On to Naniki Jazz Safari (Barbados Trip)
I had a phenomenal time in Barbados. On Thursday January 17th, I had an opportunity to perform with the Lord Jenkins Quartet at the Lobster Alive Restaurant. Personnel includes Lord Jenkins on Trombone, Roger Gittens
on Piano, Damien Neblett on bass, and resident drummer Frank Glen. Special thanks to Roger and Lord Jenkins for inviting me and Frank for letting me sit in with the band for the second set.
On Friday January 18th, I had the pleasure of performing a few tunes on drums with the rhythm section personnel of the First Lady of Jazz in Barbados, CiCi. CiCi performs weekly on Friday nights at the historic Jazz venue, Waterfront Cafe in Bridgetown, Barbados. CiCi's band members include Richard Evans on bass, Kerry Wendell Mason on piano, and drummer (and pianist for a tune) David Carnegie. Special thanks goes out to Cherie Bayley, CiCi's manager, for her incredible hospitality during the whole trip and for introducing me to CiCi and the band. Thanks to David Carnegie for allowing me to temporarily perform in the drum chair. And a special shout out to The First Lady herself. CiCi, thank you for your brilliant voice, unforgettable humour and pure heart. I am honoured to have met someone as extraordinary as you and to call you, your band mates and manager my new friends.
Saturday January 19th was a day to relax and enjoy the monumental elevation of Harrison's Cave. The massive outdoor setting was the backdrop to an outstanding line up of musicians who performed on stage.
The Anise Hadeed
Collective represented the Caribbean talent for the day. Jane Bunnett and the Spirits of Havana gave Barbados a truly professional show. And the Mario Canonge Trio stole the stage with bold conviction and presence. I also happened to meet and sit next to one of Barbados' top sax players, Sir Andre Woodvine.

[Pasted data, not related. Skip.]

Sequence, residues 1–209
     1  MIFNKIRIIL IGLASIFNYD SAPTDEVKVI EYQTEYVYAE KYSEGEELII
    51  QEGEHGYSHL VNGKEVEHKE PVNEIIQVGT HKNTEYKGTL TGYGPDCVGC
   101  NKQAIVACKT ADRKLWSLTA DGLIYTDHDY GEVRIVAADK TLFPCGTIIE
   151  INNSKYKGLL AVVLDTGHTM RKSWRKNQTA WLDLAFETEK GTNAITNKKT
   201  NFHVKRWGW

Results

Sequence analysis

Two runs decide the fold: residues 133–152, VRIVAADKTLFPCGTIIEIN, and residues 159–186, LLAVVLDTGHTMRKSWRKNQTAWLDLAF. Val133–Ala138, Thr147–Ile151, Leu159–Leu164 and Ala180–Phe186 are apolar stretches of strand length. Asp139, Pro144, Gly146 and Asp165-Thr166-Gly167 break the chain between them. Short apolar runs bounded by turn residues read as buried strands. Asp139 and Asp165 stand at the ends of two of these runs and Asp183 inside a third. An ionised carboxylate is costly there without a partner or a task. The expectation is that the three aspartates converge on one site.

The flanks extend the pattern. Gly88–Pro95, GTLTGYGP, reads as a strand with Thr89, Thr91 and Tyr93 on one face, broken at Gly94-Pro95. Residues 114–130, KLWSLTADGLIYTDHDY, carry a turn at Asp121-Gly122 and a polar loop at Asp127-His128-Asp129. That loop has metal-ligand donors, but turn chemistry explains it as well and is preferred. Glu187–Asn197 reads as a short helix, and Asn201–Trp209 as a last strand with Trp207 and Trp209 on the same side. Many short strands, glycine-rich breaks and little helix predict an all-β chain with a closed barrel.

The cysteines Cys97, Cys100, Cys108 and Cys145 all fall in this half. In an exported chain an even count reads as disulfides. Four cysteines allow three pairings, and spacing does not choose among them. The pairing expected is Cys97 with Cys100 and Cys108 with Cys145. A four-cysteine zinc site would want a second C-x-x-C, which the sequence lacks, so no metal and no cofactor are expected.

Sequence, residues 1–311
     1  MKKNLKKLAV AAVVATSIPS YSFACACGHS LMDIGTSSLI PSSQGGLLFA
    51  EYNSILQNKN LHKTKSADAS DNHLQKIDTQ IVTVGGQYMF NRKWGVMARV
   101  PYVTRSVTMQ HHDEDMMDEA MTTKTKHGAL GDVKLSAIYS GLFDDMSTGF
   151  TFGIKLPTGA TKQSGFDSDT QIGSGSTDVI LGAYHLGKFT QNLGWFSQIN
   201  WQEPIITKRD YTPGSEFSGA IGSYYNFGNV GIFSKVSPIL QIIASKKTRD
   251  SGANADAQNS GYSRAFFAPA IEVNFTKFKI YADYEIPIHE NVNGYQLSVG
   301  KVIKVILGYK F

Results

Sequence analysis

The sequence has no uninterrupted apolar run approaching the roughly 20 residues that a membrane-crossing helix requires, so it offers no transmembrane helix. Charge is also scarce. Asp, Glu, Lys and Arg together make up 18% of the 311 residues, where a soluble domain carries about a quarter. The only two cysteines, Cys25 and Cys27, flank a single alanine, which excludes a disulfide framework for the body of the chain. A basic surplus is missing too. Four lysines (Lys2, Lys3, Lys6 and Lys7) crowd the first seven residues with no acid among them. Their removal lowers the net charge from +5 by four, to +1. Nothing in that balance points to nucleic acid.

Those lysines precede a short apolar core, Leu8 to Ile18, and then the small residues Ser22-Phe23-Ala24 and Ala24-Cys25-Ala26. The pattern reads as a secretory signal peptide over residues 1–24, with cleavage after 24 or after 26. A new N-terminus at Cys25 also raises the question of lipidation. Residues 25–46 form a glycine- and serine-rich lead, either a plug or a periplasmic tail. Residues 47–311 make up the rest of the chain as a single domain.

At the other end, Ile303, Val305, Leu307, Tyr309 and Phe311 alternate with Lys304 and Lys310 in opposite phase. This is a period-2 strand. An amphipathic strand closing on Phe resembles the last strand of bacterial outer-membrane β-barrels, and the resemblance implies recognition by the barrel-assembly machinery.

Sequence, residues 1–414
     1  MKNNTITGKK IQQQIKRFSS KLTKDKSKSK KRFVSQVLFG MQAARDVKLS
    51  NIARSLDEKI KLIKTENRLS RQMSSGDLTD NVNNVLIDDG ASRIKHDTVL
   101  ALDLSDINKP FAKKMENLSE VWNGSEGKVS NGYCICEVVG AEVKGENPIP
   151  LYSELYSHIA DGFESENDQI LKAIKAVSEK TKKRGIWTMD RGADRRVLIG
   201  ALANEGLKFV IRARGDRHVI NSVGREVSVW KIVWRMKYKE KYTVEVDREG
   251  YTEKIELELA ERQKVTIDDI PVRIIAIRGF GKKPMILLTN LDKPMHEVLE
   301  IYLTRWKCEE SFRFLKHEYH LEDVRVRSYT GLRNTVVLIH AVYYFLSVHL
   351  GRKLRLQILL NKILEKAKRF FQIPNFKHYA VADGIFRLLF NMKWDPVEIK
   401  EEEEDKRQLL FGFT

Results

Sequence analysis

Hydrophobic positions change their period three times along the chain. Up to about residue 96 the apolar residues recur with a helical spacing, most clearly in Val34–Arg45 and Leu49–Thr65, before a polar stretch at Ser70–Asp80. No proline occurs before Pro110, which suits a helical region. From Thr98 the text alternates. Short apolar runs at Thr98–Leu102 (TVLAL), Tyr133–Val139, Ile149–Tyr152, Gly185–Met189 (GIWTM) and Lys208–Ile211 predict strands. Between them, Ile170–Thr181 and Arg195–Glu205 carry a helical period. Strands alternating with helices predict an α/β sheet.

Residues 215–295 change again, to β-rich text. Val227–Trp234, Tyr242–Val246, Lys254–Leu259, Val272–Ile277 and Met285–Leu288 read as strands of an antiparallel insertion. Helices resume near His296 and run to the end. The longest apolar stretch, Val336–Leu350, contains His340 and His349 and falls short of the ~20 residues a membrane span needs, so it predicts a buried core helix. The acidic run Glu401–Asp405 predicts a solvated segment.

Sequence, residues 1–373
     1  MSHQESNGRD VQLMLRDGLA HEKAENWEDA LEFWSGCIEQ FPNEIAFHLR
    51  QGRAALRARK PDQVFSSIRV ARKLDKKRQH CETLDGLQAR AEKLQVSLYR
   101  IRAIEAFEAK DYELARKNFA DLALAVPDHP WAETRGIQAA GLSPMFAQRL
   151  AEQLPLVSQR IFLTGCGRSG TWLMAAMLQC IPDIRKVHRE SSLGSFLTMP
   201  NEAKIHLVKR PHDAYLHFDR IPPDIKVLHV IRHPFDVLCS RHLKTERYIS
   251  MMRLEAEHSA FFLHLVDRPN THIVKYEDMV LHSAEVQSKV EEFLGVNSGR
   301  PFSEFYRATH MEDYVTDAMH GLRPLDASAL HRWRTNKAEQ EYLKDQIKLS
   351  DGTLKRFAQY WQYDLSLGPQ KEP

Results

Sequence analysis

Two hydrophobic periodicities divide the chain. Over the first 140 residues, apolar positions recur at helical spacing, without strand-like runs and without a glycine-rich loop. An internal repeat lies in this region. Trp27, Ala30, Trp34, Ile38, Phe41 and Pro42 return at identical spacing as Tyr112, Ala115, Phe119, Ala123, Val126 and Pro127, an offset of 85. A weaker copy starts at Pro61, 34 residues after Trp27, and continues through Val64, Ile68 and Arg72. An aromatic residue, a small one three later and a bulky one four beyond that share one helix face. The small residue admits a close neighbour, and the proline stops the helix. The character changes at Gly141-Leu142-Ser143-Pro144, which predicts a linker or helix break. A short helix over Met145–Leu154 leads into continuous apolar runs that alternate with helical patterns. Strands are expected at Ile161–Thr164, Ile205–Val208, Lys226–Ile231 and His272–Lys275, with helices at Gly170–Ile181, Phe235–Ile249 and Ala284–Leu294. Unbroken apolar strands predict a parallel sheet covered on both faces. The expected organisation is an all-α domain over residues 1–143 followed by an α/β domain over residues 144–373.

Monday January 14th, 2013
First Blog Post
This will be my comfortable space and place to share how I feel about life and music.
We are living in such an amazing time. YouTube has launched some of our current beloved pop cultural stars with a few duds in the mix getting their 15 minutes or seconds of fame. Apple remains to be a force to reckon with as long as the remaining visionary plans Steve Jobs left behind become reality. The 44th President of the United States Barack Obama will be sworn into his second and final term on January 20th. We are living in a world filled with opportunity and possibilities. Don't let what is unknown scare you. Delight in the joy of the present and the promise of the future. Often times, we forget to sit back, relax, allow and expect positivity to flow into our life experience. We as humans always seem to be in a rush to manifest things and money too. As we reach for our dreams (as cliche as that sounds), we need to remember to breathe and enjoy the journey along the way. So here I am, reminding you of your worthiness. You are worthy simply because you are alive. There are no limits for you or anyone to achieve whatever it is you may want or desire in this life. Prepare for what you want and trust your inner guidance to lead you to that place in time.